HOME > Chowhound > Outer Boroughs >


Cathy Jan 24, 2000 01:37 PM

Jim, I read your little thing about Ferdinando's (in What Jim Ate for Dinner.)

You said don't order fancy pasta here except for the linguini with clams. But I have another exception - the pasta con sarde. It's intensely flavorful, with lots of fennel in addition to the sardines. I don't even like sardines, but I wolfed this down!

  1. Click to Upload a photo (10 MB limit)
  1. j
    jen kalb RE: Cathy Jan 24, 2000 03:32 PM

    interesting - I had the pasta con sarde a couple years back and was underwhelmed - it wasn't really different from the canned stuff you can buy - leading me to believe whether it was based of canned stuff (the wild fennel to make it cant be readily available around hereat all seasons). Since Ive never eaten dish made fresh, or had it in Sicily, I really don't have a proper basis of comparison.

    Pasta is usually uninspired and overcooked, though my kids suck it down. Even though I like most innards, the spleen sandwich was more than a bit much for me. I just love their rice balls, zapped in the microwave with sauce and ricotta, potato croquettes, those chickpea fritters, marinated grilled eggplant and seafood salad - salads generally. Oh yes, though its been variable, I like their fried calamari with hot tomato sauce. Surprisingly expensive -the sandwiches are the best buy.

    Also their bread when they make it (basic and hot) and the waitreses and patrons. Cross the street when you are finished and buy some fixings for another meal at the Latticini Barese.

    6 Replies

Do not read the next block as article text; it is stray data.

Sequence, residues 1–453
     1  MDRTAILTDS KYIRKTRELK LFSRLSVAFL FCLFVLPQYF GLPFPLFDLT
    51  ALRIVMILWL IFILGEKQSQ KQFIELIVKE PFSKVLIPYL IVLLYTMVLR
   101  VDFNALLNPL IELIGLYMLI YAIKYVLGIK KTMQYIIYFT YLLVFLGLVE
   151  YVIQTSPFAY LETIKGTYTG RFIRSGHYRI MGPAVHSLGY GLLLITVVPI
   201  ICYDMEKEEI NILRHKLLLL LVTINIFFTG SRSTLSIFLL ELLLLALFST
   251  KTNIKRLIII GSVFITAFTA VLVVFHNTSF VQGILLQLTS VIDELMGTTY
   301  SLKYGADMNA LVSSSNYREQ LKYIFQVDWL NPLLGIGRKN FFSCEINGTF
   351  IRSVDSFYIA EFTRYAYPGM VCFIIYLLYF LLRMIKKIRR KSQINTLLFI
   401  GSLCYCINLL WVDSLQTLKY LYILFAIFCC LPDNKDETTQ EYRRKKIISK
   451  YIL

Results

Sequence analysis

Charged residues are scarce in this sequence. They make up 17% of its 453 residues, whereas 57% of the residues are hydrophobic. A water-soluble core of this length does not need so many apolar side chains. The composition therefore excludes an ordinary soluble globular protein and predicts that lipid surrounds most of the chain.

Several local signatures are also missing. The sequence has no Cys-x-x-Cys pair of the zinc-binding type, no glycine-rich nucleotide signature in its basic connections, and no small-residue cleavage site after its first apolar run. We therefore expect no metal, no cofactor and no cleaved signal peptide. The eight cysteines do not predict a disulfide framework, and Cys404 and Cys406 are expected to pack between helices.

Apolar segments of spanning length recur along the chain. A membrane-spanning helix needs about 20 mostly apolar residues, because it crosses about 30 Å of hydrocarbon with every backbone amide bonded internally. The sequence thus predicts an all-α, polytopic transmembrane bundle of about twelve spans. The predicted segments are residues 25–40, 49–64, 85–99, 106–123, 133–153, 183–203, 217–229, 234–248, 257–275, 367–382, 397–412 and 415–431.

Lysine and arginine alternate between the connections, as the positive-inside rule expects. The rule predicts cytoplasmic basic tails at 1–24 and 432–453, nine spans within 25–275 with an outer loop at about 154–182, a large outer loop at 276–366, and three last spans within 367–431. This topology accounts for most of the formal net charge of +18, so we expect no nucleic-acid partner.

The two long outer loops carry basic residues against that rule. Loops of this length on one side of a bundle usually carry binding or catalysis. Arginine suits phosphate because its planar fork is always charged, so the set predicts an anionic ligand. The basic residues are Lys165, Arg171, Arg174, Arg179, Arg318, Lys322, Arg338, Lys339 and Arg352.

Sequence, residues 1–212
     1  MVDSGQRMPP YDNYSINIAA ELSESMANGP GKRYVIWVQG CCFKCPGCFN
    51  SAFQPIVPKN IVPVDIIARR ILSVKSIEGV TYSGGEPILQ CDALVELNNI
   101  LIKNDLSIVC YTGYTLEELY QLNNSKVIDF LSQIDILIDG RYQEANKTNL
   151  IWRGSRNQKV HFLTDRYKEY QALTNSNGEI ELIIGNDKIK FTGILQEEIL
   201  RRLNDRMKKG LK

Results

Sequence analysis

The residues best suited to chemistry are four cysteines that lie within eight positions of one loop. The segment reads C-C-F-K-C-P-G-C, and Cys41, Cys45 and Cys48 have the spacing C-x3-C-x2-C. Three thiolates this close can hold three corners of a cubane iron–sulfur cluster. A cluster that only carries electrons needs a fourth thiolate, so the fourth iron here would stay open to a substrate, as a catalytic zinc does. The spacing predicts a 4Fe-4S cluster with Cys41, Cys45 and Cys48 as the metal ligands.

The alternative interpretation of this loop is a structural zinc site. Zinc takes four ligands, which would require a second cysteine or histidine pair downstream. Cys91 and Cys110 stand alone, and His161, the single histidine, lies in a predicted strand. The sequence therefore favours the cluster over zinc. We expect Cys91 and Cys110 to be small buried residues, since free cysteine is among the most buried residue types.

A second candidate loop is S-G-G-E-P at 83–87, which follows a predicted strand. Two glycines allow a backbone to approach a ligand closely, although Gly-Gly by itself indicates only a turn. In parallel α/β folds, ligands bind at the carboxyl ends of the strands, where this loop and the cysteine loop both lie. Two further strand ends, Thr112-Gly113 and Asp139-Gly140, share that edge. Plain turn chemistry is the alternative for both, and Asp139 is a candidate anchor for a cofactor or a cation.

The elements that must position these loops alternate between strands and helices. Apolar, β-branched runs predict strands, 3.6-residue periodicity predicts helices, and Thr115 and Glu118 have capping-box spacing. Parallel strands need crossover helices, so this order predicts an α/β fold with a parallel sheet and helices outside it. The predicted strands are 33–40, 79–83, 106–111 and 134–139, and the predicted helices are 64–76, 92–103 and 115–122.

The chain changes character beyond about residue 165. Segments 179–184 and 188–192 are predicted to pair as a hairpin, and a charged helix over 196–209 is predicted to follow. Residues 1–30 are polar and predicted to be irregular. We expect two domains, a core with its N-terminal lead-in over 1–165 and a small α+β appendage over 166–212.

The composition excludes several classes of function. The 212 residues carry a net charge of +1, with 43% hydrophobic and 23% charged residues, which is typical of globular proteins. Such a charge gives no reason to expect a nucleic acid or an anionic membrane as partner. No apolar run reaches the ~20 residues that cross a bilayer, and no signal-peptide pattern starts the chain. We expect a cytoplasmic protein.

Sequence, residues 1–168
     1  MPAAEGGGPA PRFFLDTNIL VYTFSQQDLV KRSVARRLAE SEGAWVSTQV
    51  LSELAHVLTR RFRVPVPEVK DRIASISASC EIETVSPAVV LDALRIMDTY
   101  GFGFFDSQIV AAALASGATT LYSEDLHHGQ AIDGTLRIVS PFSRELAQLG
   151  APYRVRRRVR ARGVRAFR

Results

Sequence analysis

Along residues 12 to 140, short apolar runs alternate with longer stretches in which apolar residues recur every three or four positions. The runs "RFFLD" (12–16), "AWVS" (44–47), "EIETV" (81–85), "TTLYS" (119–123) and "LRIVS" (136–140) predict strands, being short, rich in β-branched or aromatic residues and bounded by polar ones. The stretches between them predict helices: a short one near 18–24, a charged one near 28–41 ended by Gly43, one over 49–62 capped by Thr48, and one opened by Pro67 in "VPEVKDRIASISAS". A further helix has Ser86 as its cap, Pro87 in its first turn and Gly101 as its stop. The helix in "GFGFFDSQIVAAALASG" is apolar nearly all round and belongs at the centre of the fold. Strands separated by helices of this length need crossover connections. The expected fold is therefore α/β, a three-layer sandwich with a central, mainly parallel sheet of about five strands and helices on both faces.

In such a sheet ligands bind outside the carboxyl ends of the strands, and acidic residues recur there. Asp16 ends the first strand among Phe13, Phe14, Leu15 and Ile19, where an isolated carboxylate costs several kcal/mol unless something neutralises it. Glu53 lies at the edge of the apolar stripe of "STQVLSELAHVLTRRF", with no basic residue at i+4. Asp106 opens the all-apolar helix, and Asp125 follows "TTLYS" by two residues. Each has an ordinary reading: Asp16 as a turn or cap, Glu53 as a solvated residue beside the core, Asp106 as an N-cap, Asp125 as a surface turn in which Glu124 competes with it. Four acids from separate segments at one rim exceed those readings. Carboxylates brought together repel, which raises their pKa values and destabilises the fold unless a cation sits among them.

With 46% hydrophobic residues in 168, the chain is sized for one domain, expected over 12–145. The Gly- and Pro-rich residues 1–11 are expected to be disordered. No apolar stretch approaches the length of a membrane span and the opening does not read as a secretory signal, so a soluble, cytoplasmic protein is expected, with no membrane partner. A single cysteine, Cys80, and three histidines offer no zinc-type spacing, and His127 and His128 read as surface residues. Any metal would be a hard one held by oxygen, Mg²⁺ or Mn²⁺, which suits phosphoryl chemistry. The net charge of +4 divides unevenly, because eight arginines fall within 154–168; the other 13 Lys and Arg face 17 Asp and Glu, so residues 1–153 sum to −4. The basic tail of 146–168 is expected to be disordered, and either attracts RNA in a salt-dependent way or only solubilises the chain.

1. re: jen kalb
      Allan Evans RE: jen kalb Jan 24, 2000 08:51 PM

      They use cans of "condimenti per la pasta con le sarde" but add them to onions sauteed in olive oil and top with toasted breadcrumbs. I had the dish in a Sicilian trattoria (now gone) in Rome where it was more delicately sauced but with an intenser fennel undercurrent interrupted by delicious nuggets of salt-cured sardines.

      1. re: Allan Evans
        joey g RE: Allan Evans Jan 24, 2000 10:56 PM

        This is the traditional pasta eaten on st.josephs day. I make fresh pts. and qts. of the sauce with perciatelli pasta and the toasted bread crumbs on the side.(so you can cook it at home)if you or anyone are interested where to get it on march 15 e mail me thanks

        1. re: joey g
          joeyg RE: joey g Jan 25, 2000 05:33 AM

          I`ve never been impressed with ferd. much prefer joes of ave. u

        2. re: Allan Evans
          jen kalb RE: Allan Evans Jan 25, 2000 09:38 AM

          thanks for the verification, Allan - it seemed about like what I had made at home by doctoring the canned stuff - a pallid shade of what the dish must be on its home ground. maybe Ill try again in spring, with fresh, young fennel and good quality sardines.
          Joey, what green do you use to make your sauce? Do they make pasta con sarde with fresh (wild) fennel greens in Italy for St Joseph's day?

          1. re: jen kalb
            Allan Evans RE: jen kalb Jan 25, 2000 01:32 PM

            The most essential step is to have WILD fennel. Cultivated fennel is noce but finocchio selvatico is what gives the dish its edge. Also bucatini are used (hollow spaghetti) and saffron is added to give it flavor and a yellowish countenance. If you can get to the countryside and nab the wild stuff, then it will be a joy.

            1. re: jen kalb
              joeyg RE: jen kalb Jan 25, 2000 04:01 PM

              I was taught with the fronds from the fennel. Once you cook the greens in water, reserve,and cook pasta in it.

        Show Hidden Posts